It’s a common belief that exfoliation is off-limits for those with sensitive skin, but that’s far from the truth. In this article, we’re going to explore how to exfoliate sensitive skin and master the art of gentle exfoliation. You’ll learn how to remove dead skin cells without causing irritation and discover products and techniques that respect your skin’s sensitivity.
Should you exfoliate sensitive skin?
Yes, you can exfoliate with sensitive skin, but it’s all about being gentle and giving your skin more time to bounce back.
Here’s why: Sensitive skin often lacks the natural fats that form a protective barrier, which is why it can feel irritable or itchy. When you exfoliate, you’re removing dead skin cells, but in the process, you’re also removing some of these essential fats. This means your skin will feel extra sensitive in the week following your exfoliation as it works to rebuild what was lost. That also means one wrong move while exfoliating, and you’re faced with irritation or redness. The solution? Go easy with gentle exfoliating products and don’t do it as often as others might. By doing so, you’re giving your skin the chance to recover and rebuild its natural defenses.
Which exfoliator to use?
Sensitive skin reacts more to external factors and harsh chemicals, so the right exfoliation method is what sets apart an effective and gentle routine from an irritating one. There’s physical exfoliation, which involves rubbing grainy particles (scrubs) on the skin to remove dead cells. Next comes the chemical exfoliation, which uses acids (such as glycolic and lactic) to dissolve the glue that holds dead cells together. And finally, the enzyme peel, which uses fruit enzymes to remove the surface layer of skin.
Physical exfoliants—like scrubs—are too abrasive for the face and can cause micro-tears in the skin, so they’re a hard no. There are better, milder alternatives to exfoliate sensitive skin. Our best recommendation is chemical exfoliants with gentle acids like polyhydroxy acids (PHAs) or low concentrations of alpha hydroxy acids (AHAs). These work by dissolving dead skin cells without physically rubbing the skin. Enzyme-based exfoliants, derived from fruits like papaya (papain) and pineapple (bromelain), are also a good choice. They offer a mild exfoliation by breaking down the proteins in dead skin cells. They are less abrasive and can be a good alternative for sensitive and reactive skin.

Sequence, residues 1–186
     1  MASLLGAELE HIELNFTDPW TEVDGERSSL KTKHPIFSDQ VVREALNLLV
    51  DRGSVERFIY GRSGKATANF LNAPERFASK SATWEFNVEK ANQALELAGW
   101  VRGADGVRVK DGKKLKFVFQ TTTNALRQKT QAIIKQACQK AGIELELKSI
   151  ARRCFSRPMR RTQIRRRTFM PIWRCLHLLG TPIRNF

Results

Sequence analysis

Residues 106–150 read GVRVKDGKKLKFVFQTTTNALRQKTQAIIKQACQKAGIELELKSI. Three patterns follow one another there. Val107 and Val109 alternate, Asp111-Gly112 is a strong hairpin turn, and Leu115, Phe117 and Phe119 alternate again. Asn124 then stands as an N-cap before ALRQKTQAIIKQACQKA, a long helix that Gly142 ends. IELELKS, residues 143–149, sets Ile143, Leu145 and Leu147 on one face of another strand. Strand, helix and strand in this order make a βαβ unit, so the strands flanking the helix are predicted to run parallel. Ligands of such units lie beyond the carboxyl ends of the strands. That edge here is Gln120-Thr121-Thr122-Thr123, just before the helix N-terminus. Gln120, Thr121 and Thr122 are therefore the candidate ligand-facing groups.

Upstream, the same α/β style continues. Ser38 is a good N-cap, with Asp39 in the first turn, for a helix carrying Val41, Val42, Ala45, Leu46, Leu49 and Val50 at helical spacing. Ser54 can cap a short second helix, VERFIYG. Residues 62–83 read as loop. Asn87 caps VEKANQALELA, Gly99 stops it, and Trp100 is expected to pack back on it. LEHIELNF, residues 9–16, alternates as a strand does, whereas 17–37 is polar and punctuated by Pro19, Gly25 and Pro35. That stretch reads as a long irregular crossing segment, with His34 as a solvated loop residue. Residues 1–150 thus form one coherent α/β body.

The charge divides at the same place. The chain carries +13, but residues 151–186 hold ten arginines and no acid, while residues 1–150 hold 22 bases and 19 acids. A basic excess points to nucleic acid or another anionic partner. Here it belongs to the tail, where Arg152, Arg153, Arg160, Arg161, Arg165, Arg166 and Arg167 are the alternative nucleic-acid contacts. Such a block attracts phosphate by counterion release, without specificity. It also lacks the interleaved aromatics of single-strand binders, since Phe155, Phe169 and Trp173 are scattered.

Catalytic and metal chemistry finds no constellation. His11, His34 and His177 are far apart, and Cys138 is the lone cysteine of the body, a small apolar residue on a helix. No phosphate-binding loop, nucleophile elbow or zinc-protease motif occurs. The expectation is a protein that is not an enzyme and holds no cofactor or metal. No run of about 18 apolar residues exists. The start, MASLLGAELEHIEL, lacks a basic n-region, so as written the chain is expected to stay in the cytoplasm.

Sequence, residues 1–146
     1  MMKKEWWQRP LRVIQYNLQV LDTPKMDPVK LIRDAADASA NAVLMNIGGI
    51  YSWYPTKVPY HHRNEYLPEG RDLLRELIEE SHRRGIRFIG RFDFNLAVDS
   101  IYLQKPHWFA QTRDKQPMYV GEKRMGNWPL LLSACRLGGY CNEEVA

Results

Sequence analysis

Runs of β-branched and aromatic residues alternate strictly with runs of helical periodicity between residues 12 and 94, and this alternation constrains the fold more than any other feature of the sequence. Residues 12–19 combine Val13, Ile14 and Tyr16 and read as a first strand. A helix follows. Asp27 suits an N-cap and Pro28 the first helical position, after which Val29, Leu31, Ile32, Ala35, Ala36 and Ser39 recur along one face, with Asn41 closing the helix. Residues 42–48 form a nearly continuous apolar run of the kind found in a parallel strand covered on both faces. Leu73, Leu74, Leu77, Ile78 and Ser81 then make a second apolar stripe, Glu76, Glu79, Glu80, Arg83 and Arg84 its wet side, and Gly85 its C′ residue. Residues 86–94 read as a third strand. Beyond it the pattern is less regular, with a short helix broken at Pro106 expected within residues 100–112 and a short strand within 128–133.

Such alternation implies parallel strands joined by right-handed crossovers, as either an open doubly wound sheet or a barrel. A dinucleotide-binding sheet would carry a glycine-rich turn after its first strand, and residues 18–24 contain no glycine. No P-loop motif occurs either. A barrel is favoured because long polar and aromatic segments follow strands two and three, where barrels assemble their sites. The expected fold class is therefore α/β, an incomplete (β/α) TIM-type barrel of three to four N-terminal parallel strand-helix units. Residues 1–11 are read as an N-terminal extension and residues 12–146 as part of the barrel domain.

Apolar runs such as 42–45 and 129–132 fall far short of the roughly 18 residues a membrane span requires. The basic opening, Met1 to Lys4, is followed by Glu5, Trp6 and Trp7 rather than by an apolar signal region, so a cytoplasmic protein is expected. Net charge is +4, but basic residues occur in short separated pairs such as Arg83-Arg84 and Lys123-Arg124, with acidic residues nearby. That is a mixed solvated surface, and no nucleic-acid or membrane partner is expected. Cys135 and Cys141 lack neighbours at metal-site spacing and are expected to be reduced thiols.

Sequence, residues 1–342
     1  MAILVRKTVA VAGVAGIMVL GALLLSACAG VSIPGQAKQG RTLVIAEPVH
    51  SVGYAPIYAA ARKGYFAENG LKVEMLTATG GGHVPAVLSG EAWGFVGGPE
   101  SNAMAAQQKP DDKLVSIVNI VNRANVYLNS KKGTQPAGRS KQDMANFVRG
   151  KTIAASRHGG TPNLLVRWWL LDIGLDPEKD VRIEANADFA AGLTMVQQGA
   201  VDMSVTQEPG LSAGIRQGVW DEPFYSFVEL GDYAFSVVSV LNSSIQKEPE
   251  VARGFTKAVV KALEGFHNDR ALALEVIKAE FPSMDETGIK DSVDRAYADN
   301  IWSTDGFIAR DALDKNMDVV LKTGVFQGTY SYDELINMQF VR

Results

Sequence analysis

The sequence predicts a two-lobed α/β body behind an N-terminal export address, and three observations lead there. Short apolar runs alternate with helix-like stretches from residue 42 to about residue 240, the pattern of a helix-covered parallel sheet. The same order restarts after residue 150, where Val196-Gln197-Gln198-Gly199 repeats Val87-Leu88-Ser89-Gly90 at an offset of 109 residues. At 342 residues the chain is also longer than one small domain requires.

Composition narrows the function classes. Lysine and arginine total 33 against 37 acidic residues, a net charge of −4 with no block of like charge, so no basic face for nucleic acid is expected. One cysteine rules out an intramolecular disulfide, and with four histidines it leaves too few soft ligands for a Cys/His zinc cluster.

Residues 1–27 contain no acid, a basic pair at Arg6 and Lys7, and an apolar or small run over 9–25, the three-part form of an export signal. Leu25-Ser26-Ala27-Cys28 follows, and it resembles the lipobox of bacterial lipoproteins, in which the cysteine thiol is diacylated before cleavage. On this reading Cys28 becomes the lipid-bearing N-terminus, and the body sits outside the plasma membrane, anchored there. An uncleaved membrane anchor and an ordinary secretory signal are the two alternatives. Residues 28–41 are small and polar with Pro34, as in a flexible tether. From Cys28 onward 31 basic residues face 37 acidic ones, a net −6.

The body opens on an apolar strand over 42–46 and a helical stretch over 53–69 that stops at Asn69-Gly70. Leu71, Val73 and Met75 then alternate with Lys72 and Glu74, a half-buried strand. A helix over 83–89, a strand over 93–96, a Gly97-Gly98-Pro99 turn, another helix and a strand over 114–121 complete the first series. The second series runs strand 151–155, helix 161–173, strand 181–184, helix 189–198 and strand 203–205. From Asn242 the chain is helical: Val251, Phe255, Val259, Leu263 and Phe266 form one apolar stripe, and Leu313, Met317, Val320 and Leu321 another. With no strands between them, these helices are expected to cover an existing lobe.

How often to exfoliate sensitive skin
Most dermatologists recommend that those with sensitive skin only exfoliate once a week. This gives the skin enough time to heal and restore its natural protective barrier. By spacing out exfoliation with a 1-week break, you also make sure you don’t disrupt the skin’s natural renewal cycle, which takes about a month. During this time, your skin works to restore its protective fats and oils. Excessive exfoliation can disrupt this process, leading to increased sensitivity, dryness, redness or even breakouts.
How to exfoliate sensitive skin
- Use a mild exfoliator: Look for products with polyhydroxy acids or low concentrations of AHAs. A 5-10% lactic acid peel is one of the best options for sensitive skin because it is the mildest of the exfoliating acids. A glycolic acid toner is also a good choice for less intense exfoliation suitable for daily use.
- Perform a patch test: Before applying the exfoliant over your entire face, do a patch test on a small area to gauge how your skin reacts to the product. Apply a thin layer to a small patch of your face and rinse it after 10 minutes. If it’s a leave-on exfoliant, don’t rinse. Wait 48 hours before applying other products to that area. You can safely use the exfoliant if you don’t experience severe irritation.
- Cleanse your skin: Before applying the exfoliant, cleanse your face with a mild, fragrance-free cleanser to remove oil and dirt. Pat your skin dry with a soft towel.